Sarah said...

*sidebar* Yes. Really. I guess I focus less on the wrapping paper (the recording) and more on the gift itself (the melody, the guitar playing, the lyrics). Speaks to the soul... at least it did mine.

Sarah said...

Back on point, however, I think you've got it right as it is. I say charge for the new music and give away the old. And when you've got a new album, those that held out will get the previous for free. :o)

Now I feel like I ought to send you an honorarium...

Nick Tann said...

No need to feel obligated Sarah...
Saying that, the physical is well worth the money, it had art and stuff...

colintgraham said...

I tend to agree with John about the patronage. People like Monteverdi, Bach, Handel and so on had to write stuff on command, play their own stuff at job interviews, do stuff to impress potential employers, etc.

Mozart had to take in pupils to make enough money because he didn't want to play the political games that his father had...

Their names survived because they produced something - great art - that went beyond the service they were providing for their patrons. It was also their fulltime work. Just to physically write out all of the notes of Mozart's complete works would take the equivalent of a 'normal' 8-hour day, five days a week...

So, I don't think most independent musicians kid themselves that they are producing 'Great Art', but every piece of music or song that you write gives away some part of you - or I think it needs to, if it's going to be any good.

You never give art away for free, but people may be getting it without having to pay money. Personally, I put (synthesized versions of) my compositions online in the hope that other musicians will listen and ask to perform them. It has happened.

The question may be about trying to build a fan-base. I suspect most performers want to increase the size of their live audience at gigs, as much as becoming the next 'Kylie'. Providing a selection of tracks for people to listen to without having to pay seems sensible. Allowing people to download and listen at their leisure is also a good thing, I think.

I would be tempted to have one or two special tracks or special offers (£2 off a t-shirt...) that are e-mailed to listeners who have downloaded a certain number of tracks e.g. download 10 get "Special 1", download 20 get "Special 2"... That way those who enjoy your music get a loyalty bonus, and if some only download 2 or 3 tracks, that's fine too.

So, charge if you like, but don't expect to make any money from it...

I'd go for the e-mail address, and provide an extra of some kind for the special followers...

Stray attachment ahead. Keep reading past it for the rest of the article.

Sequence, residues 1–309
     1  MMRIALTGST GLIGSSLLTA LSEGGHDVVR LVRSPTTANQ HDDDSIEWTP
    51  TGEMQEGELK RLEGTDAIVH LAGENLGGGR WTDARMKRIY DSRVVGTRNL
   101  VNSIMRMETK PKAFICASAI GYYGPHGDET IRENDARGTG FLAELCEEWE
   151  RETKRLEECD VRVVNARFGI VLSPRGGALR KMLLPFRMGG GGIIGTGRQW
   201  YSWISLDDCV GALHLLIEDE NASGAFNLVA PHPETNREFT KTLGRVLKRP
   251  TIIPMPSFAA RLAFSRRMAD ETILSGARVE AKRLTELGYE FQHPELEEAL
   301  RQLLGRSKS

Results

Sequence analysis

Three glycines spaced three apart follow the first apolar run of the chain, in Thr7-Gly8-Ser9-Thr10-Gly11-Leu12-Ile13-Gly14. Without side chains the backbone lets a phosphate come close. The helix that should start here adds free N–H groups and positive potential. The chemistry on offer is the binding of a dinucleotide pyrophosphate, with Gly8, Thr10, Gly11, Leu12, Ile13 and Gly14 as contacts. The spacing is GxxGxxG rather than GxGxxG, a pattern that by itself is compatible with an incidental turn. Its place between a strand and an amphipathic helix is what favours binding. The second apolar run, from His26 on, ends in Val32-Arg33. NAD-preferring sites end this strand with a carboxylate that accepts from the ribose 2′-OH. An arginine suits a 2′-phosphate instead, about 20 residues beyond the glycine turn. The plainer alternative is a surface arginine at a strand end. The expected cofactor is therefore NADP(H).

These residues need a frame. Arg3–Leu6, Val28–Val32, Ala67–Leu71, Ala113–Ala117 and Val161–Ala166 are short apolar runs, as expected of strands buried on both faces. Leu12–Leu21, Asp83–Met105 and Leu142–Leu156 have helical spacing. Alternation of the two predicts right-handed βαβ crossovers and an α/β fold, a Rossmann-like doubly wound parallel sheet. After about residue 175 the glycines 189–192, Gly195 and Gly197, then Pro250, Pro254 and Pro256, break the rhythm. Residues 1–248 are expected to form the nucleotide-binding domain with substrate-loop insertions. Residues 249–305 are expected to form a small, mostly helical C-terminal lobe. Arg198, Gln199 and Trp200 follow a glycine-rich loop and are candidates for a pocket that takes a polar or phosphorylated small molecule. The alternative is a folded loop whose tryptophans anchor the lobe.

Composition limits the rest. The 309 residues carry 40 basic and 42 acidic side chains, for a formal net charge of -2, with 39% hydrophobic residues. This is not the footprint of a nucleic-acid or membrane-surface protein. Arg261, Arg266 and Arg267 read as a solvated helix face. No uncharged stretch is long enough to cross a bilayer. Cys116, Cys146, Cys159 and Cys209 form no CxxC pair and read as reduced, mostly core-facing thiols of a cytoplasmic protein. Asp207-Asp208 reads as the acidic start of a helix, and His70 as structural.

Darren Landrum said...

For me, it comes down to this: The worst thing that can happen to a piece of music is for it to die in obscurity. Now, giving it away for free doesn't mean it won't, but at least now it has a fighting chance of finding a few people who really love it.

I often go through large vinyl collections at thrift stores, looking for something that might be interesting. Although I enjoy that kind of thing, I'd rather people never have to do that with my stuff.

Nick Tann said...

So then what do we do? Do we continually give stuff away ad nausium.

WE DONT CHARGE TO LISTEN

Sarah said...

You know, Nick, you keep mentioning this "art" as yet unseen. Perhaps if you posted pictures of the artwork one might acquire upon the purchase of said physical album, people might be more excited about it. But as of now, you are hoping people will purchase your "unheard" music, backing that with "unseen" artwork doesn't exactly sweeten the deal.

Besides, you're selling mostly to other musicians at this point who are empathizing with your desire to be heard. Again, the artwork is just a distraction of sorts. But, really, post some pics of the art and people might get excited about it. Just as cars need to be driven, music needs to be heard, art needs to be seen.

Beyond that, I think physical albums are going, going gone. In another 10 years CDs will be all but obsolete and my grandchildren will be wondering what music has to do with investments. Not that I'll have grandchildren in 10 years...

Nick Tann said...

You sound irritated Sarah, sorry about that.
If you looked at my bandcamp site http://nicktann.bandcamp.com/album/dont-make-me-wait
You would see pictures of the artwork. But I take your point.

I dissagree that I sell mostly to other artists, I can assure you that is not the case. There are many artists commenting on this post but that is because the subject is relevent to them.

Some like cds, if you read some of the comments here you will see that is the case.

Matt Erion said...

Hi Nick. Good question. I think the final choice has to rest with the artist itself. I argue about this with my own band, and if they were web savvy there'd be a mutiny if they discover I have a few tracks on BC for free. However, I feel that that is a personal choice, and when there isn't any physical product involved it doesn't really cost me.

Many have argued about the time to create, but I for one don't write songs with the hope of getting paid for them. I write to procrastinate from posting comments on blogs. :)

But without "free" in various forms, I wouldn't have heard of your music, Matt's or dozens of others. Just too flooded of a market.

However, if you're ready to be paid, then charge away! I don't seem to be getting anyone to hear my music, though my first record sold quite well through CD baby. I don't know what the answer is.

Nick Tann said...

To listen is free BUT if you want to posses?
As I have mentioned, if you want to listen to our music, you can either on iTunes or elsewhere.

If you want to posses, if you want to own...

Do people have to own the music to appreciate it?

Nick Tann said...

Fee for poorer quality yes? http://dotwmedia.com/dotw/index.php/2010/07/09/dare-to-think-differently-pt-56-how-freely-available-is-my-music